Professor Spotlight: Amy Steinbugler

Amy Steinbugler. Photo courtesy of the Dickinson College website.

Professor Spotlight: Amy Steinbugler

Tessa Busby '24, Guest Writer

Professor Steinbugler is a beloved member of Dickinson’s sociology department who also teaches statistics. This semester she also teaches a first-year seminar named “Queers in space and place” which explores queerness, the history of homosexuality in America and the spaces queer people have occupied in the past and present. 

Prior to teaching, Steinbugler attended Middlebury College but soon transferred to Evergreen State College in Olympia, Washington. At Evergreen, she studied her passions such as feminism and social inequalities which eventually led her back to the east when she enrolled in a graduate degree program at Temple University. “I had really great mentors that helped me figure out how to write and write well,” she mentions.

Steinbugler is candid and says that she did not always want to be a professor. Inspired by people like Howie Wynette, Steinbugler “wanted to write theory and think about theory.” So, what changed? Steinbugler says “the great thing about graduate school is that interests develop over time.” She has been teaching at Dickinson since 2008 and when asked how she found Dickinson, Steinbugler comments “I was living in Philly so Dickinson was certainly on my radar in terms of liberal arts colleges…it was my first real gig.”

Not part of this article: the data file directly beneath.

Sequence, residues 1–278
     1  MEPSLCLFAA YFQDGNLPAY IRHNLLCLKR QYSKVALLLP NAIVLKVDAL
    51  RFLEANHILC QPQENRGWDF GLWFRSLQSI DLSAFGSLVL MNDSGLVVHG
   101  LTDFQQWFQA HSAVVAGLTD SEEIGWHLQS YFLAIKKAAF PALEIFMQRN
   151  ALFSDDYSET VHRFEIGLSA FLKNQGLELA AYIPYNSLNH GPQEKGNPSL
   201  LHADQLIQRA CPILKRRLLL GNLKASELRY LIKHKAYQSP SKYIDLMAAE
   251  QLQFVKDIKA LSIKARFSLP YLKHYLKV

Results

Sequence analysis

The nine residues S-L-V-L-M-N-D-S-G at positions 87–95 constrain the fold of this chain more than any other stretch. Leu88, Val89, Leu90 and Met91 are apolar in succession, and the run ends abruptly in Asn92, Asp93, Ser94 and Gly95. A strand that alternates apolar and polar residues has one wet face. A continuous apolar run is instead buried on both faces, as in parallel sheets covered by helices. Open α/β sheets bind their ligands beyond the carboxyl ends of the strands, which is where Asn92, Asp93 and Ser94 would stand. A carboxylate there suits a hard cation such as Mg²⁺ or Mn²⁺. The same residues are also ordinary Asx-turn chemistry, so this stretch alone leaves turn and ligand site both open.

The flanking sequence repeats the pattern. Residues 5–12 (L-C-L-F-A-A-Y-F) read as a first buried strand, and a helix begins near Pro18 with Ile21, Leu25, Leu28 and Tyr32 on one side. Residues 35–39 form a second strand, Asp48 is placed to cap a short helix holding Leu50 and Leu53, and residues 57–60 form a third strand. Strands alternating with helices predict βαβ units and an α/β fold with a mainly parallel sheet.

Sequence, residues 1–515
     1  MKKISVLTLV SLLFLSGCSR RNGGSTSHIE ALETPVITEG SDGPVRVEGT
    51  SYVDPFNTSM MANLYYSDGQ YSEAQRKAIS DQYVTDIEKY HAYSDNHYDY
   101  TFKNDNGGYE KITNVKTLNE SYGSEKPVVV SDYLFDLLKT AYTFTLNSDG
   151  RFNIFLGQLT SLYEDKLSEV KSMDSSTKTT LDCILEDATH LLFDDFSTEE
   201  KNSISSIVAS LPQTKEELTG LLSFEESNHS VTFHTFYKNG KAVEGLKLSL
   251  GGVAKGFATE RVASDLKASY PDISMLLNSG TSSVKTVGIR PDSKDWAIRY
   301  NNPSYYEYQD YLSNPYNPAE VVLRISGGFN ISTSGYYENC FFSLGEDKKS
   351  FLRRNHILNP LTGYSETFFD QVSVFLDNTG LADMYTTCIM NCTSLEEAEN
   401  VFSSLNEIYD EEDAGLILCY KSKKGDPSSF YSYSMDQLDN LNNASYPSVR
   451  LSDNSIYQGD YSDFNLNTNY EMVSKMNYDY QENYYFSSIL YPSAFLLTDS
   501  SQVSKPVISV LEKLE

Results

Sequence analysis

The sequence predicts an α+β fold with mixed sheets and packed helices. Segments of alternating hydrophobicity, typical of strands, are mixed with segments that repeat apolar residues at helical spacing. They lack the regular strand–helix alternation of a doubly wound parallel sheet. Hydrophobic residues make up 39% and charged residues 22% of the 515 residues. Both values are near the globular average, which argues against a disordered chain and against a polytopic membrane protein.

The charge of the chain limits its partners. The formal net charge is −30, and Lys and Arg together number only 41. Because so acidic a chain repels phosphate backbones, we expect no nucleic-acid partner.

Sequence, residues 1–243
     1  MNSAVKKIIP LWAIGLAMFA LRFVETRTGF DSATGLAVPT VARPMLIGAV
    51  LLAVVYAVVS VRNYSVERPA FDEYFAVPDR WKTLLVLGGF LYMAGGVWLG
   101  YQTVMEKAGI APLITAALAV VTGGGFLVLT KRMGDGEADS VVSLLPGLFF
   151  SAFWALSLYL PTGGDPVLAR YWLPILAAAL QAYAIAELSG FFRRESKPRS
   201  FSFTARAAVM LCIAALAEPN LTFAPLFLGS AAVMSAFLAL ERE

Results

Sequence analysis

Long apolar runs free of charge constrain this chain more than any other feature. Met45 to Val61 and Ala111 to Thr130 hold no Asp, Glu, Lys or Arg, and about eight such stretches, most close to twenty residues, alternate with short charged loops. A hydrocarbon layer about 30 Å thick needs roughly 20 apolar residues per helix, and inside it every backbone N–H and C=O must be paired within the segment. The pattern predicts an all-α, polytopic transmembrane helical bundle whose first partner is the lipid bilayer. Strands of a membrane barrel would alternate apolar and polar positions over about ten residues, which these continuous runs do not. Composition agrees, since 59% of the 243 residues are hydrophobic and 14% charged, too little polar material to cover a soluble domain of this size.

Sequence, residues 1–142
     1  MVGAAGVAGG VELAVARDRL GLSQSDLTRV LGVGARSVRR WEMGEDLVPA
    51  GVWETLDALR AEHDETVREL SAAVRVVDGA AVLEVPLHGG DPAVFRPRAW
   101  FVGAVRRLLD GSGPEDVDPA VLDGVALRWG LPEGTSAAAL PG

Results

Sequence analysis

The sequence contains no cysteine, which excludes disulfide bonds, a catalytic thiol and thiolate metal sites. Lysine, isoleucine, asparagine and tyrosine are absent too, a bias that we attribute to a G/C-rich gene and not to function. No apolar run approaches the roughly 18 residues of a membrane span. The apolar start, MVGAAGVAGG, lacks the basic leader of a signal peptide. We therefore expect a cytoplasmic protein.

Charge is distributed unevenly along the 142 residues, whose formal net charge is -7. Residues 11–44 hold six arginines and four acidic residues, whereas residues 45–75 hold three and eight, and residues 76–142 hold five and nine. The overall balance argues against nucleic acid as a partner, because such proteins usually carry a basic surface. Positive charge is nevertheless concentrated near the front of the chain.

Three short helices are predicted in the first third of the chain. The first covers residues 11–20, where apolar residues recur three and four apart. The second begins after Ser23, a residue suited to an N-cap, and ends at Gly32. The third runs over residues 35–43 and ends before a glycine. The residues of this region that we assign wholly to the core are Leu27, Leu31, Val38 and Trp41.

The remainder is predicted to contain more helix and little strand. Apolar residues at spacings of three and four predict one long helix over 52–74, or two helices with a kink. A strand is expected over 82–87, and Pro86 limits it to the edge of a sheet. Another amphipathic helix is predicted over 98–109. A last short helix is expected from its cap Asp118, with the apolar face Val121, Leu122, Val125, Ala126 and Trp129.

Professor Steinbugler still lives in Philadelphia and has since 1999. Although the commute to Carlisle can be tiring at times, she loves Dickinson because she can “have an active research life but also can enjoy teaching and teach in a way I feel is best.” During her time at the college  she has come to appreciate Carlisle, its charm and peacefulness. When she’s not teaching or taking care of her two small children, she enjoys hiking, camping and doing anything outside. She also loves playing board games and card games like bridge. 

To current Dickinsonians, she advises students to be grateful for where they are and to enjoy the moment, even if times are hard. She also wants students to take their own ideas seriously, to believe in your own self and, most importantly, to believe that you are a person with something worthwhile to say.